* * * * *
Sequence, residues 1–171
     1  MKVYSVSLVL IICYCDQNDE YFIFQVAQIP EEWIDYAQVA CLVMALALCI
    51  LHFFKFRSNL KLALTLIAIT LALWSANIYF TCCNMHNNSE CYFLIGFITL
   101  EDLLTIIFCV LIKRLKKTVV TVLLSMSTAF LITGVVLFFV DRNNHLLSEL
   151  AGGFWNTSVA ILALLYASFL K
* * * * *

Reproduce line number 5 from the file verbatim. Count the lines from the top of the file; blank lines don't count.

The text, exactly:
   151  AGGFWNTSVA ILALLYASFL K